This experience has only gotten deeper and more nourishing, with time, with experience, as well as with the different teachings that keep on entering my life, as when Matt introduced me to The Work that Reconnects, by Joanna Macy, and its beautiful spiral that consists on: Gratitude, Honoring our Pain, Seeing with new Eyes and Going Forth – and well, surely enough, re-starting the process. We started then doing this spiral in celebrations, ceremonies and even inside the Sweat Lodge; all the time side by side with music. Stating the ground, starting always with gratitude; for it is the roots to all work, the net that sustains all life, from what I have learned, where there is gratitude there is energy to be resilient. Then, starting to gently spiral down, sharing that which is hard, that which triggers pain and suffering inside us, that which makes us uncomfortable, until at some point we touch the seed. Making space to observe it, to live with it, to acknowledge its existence; because we do live in a dual world and there is light and shadow everywhere we go. This for me is a precious work! In my life resilience has been a key for growth, and even if it is not easy process just by doing this I was able to dig inside me, as well as to observe and connect with the suffering around me, to honor it; to celebrate it in a way or another, to give it its very own rite of passage. It is always a very liberating process for me, but to be honest the times it has touched me the most has been during the Sweat Lodges. I can remember the last one we did, I was fire keeper and at the same time I was Sweating along with Marie, David and Mat, ooopaalai! I had just finished a loaded week, a lot of questions on the time to come, a lot of pain and misunderstanding of the situation of the world, the different massacres that where taking place, and somehow feeling so small and insignificant facing all that. I shared, I shared from the depths of my heart, and sang letting it all go, transmute; I was on the ground. Tears rushing down my face, my heart pumping, catharsis, memories flying by, the melody and voice of everybody where doing huge effect on me; the second the sweat ended I was on my feet again – a huge weight had left my body, and even my soul. I was ready for action, I was ready to give it all, to plant my seed in this incredible mystery; and some of this action comes thru every single one of this words.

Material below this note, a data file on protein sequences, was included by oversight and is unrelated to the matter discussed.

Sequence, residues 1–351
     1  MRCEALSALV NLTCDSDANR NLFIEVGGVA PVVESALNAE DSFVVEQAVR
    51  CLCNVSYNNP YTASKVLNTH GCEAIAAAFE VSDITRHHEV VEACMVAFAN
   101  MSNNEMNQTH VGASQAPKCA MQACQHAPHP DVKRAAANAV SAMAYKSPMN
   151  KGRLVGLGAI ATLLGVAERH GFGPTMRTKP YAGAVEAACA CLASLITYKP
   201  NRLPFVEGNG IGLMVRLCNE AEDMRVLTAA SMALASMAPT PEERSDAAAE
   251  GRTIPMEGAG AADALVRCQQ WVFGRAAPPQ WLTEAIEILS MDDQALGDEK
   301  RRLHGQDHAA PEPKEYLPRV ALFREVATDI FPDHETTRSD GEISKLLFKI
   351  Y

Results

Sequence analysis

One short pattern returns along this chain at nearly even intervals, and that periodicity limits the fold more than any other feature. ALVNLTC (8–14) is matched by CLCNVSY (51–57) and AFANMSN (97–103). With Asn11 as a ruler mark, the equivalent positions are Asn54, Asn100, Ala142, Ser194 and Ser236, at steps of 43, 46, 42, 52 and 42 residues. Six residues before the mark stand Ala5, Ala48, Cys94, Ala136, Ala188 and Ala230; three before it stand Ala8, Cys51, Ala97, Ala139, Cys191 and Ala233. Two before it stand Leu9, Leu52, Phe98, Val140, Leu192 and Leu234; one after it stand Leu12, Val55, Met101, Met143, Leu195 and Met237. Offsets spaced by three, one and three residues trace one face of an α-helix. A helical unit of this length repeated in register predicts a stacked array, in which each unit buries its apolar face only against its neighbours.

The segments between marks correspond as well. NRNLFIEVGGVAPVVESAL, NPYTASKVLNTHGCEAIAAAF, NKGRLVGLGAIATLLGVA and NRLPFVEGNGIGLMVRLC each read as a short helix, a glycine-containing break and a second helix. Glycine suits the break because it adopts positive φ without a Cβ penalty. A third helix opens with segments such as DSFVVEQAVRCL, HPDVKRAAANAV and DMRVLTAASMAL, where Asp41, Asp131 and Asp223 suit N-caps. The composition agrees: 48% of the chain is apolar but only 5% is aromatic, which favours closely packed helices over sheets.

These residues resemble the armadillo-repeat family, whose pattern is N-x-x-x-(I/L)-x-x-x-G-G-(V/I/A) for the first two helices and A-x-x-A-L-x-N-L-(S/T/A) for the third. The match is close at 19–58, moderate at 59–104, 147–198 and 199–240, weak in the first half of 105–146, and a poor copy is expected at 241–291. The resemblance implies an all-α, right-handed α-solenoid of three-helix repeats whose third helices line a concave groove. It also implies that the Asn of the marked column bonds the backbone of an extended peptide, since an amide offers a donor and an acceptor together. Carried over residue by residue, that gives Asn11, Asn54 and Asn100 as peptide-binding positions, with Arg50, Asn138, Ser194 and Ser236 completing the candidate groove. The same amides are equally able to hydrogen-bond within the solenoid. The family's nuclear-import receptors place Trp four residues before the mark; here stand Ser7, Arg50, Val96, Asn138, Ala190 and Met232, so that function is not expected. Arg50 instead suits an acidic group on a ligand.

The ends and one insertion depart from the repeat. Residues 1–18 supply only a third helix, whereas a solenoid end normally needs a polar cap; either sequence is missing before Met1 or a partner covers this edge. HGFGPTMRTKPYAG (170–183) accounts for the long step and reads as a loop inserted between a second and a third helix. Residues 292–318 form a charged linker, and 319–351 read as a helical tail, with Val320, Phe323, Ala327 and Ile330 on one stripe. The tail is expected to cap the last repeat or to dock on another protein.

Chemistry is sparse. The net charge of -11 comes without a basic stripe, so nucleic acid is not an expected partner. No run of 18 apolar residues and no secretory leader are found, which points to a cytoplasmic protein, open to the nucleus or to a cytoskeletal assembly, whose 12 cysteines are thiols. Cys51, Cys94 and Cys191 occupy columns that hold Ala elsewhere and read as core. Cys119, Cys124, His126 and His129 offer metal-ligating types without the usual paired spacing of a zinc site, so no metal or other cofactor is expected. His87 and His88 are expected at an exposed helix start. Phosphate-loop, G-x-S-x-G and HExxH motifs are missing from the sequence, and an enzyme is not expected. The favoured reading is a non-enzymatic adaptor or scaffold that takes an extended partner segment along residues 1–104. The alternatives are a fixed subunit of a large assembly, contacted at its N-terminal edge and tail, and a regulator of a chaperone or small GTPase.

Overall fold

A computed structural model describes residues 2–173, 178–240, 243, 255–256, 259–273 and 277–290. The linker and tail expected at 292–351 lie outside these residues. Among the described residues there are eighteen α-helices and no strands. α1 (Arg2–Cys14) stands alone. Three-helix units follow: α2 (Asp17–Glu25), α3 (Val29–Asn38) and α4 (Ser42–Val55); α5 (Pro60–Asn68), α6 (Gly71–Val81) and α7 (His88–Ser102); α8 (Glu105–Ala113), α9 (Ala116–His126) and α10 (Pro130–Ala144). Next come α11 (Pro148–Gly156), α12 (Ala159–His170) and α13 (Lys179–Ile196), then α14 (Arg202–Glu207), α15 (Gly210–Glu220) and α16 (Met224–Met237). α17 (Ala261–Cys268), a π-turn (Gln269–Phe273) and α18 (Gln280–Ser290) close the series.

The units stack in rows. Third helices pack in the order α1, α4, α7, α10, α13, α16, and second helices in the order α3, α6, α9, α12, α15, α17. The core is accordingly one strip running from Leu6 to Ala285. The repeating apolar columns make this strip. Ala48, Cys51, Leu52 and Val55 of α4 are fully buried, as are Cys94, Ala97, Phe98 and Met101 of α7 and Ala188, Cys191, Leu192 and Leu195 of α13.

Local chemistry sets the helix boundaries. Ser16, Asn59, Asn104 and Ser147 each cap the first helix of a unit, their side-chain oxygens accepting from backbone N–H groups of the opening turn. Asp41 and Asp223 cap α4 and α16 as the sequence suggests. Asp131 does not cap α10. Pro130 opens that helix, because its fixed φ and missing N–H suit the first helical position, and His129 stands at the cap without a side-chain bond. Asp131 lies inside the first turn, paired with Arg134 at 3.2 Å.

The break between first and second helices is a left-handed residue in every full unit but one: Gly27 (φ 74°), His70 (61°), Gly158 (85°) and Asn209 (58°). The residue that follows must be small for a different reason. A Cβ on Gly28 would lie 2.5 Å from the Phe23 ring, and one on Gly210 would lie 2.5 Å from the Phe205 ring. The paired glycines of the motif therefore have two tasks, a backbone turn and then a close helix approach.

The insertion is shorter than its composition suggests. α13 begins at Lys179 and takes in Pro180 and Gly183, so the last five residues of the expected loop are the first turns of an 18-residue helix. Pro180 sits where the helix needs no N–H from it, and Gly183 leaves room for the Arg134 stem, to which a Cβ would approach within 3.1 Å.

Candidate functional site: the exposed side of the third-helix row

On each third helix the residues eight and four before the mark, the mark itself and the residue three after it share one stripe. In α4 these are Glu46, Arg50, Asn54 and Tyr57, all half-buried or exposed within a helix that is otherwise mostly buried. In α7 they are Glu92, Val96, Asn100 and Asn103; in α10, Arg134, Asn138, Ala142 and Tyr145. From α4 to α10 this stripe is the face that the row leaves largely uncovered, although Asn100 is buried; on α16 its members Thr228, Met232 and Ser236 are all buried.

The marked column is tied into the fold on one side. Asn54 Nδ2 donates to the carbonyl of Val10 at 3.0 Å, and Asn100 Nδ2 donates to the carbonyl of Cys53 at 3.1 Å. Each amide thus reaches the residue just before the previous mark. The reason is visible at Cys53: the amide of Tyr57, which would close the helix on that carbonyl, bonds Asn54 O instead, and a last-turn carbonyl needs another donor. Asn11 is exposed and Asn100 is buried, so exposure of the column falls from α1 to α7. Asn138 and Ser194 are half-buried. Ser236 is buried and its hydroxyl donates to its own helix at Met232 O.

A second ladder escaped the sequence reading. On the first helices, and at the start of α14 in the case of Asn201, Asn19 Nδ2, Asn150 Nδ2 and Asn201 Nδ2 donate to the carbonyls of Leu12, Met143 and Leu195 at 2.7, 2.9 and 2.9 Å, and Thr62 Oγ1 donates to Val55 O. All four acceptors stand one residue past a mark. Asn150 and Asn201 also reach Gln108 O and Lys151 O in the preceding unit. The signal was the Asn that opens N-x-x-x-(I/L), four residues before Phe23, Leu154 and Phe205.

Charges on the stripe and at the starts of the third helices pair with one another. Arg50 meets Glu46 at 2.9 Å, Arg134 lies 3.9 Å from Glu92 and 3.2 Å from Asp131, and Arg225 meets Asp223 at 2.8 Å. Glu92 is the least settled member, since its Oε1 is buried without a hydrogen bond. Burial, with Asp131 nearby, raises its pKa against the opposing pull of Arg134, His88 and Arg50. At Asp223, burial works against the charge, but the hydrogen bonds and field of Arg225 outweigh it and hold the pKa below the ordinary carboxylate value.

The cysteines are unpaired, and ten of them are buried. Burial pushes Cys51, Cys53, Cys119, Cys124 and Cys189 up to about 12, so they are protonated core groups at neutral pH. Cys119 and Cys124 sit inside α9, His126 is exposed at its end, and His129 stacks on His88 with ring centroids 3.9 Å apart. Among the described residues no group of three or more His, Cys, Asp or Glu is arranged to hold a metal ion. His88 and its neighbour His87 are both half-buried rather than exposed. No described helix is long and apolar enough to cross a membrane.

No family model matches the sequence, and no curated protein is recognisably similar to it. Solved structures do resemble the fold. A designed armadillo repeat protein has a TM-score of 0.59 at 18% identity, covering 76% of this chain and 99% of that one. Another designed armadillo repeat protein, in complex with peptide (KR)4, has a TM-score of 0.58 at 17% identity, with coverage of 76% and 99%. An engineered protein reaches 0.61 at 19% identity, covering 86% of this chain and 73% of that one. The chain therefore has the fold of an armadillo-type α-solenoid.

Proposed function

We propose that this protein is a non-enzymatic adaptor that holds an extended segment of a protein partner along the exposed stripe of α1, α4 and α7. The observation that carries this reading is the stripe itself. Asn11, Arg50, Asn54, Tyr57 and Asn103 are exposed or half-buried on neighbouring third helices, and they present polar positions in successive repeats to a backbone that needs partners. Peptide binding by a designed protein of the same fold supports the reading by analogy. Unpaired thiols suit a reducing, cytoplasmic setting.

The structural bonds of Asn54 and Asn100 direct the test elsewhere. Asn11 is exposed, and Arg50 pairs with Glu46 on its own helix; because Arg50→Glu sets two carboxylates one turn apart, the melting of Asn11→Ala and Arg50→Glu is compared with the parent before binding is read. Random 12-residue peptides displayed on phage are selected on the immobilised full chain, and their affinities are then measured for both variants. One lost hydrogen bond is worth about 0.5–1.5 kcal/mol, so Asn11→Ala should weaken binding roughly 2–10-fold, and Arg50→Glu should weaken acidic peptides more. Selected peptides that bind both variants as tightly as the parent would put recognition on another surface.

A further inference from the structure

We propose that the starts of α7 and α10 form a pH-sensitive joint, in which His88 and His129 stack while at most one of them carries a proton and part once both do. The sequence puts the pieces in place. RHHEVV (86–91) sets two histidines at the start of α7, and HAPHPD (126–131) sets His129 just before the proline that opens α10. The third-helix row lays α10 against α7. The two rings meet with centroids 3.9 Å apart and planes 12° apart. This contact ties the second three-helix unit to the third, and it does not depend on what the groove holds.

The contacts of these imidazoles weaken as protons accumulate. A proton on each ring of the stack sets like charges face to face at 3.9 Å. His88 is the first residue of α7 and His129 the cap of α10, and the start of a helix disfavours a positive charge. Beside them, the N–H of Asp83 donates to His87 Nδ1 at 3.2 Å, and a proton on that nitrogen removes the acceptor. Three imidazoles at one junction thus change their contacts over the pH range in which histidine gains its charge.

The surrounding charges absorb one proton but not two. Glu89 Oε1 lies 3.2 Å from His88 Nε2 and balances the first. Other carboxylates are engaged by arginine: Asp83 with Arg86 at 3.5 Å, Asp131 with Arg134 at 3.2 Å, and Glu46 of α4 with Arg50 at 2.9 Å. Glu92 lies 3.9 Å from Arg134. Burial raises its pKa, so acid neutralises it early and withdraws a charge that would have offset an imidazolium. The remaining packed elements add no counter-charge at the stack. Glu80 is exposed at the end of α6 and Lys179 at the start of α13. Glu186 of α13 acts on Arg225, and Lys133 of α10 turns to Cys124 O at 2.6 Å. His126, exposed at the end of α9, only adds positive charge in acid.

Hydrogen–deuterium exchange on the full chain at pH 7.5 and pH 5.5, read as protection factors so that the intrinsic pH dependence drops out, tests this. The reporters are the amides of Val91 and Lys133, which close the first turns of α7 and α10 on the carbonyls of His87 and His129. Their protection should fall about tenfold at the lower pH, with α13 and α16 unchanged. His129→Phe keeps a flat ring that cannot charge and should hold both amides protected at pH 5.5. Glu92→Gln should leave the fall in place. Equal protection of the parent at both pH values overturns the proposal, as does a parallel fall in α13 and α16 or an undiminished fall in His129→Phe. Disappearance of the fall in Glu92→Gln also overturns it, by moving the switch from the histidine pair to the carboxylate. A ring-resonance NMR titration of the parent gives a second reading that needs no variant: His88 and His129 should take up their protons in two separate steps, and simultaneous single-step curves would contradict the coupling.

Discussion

Making that process in the Sweat that day ignited in me an even bigger desire to change, to stand up and take action. This change that happened in me thanks to the resilience I attained thru the circle, the music and the sharing, created space for me to nourish from life one more time. Which for me falls into the definition of resilience: “the ability to become strong, healthy or successful again after something bad happens ; the capacity to recover quickly thru difficulties.” And this is where the tweak came for me in relation to the Spiral mentioned above, for me it was thru music, the drum, the voice, the rattle; that the pain could be shared, liberated and even transmuted. To celebrate the pain, sing to it, make it dance!
So, here I go, tonight I will surely have my very own singing space, to honour what is, to transmute this anxiety and confusion and be able to re-ground myself in the present moment, to acknowledge all that is, in pure and divine gratitude.
This process has make such an important part of my life and of my very personal healing that I want to share it with you, - reason why I even made of it a “thing” : MUSIC & RESILIENCE. To create spaces all together, to dive into our own selves and sing off the pain. As well as to sing as a praise for life, as a reason to gather, as a way of sharing on circle – of sharing our heart, because to me is the most precious instrument we have. I put it up here because it is a crucial part of what I want to contribute to this magnificent existence, one of the many artistic pieces; that will hopefully be joined by more inspiring beings to create new circles. Circles of Resilience and Life thru all the different possible forms of art we can imagine!
Come and sing, come and share…. come to the never-ending circle one more time.
Always in gratitude for your reading, and for your input in my life.
Wishing you all a very radiant day.